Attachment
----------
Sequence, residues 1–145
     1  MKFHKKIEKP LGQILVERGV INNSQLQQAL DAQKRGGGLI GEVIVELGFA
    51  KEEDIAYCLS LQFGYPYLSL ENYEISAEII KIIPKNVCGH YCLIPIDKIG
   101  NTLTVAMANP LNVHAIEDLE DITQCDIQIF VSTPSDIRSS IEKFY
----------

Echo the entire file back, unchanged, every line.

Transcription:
Sequence, residues 1–145
     1  MKFHKKIEKP LGQILVERGV INNSQLQQAL DAQKRGGGLI GEVIVELGFA
    51  KEEDIAYCLS LQFGYPYLSL ENYEISAEII KIIPKNVCGH YCLIPIDKIG
   101  NTLTVAMANP LNVHAIEDLE DITQCDIQIF VSTPSDIRSS IEKFY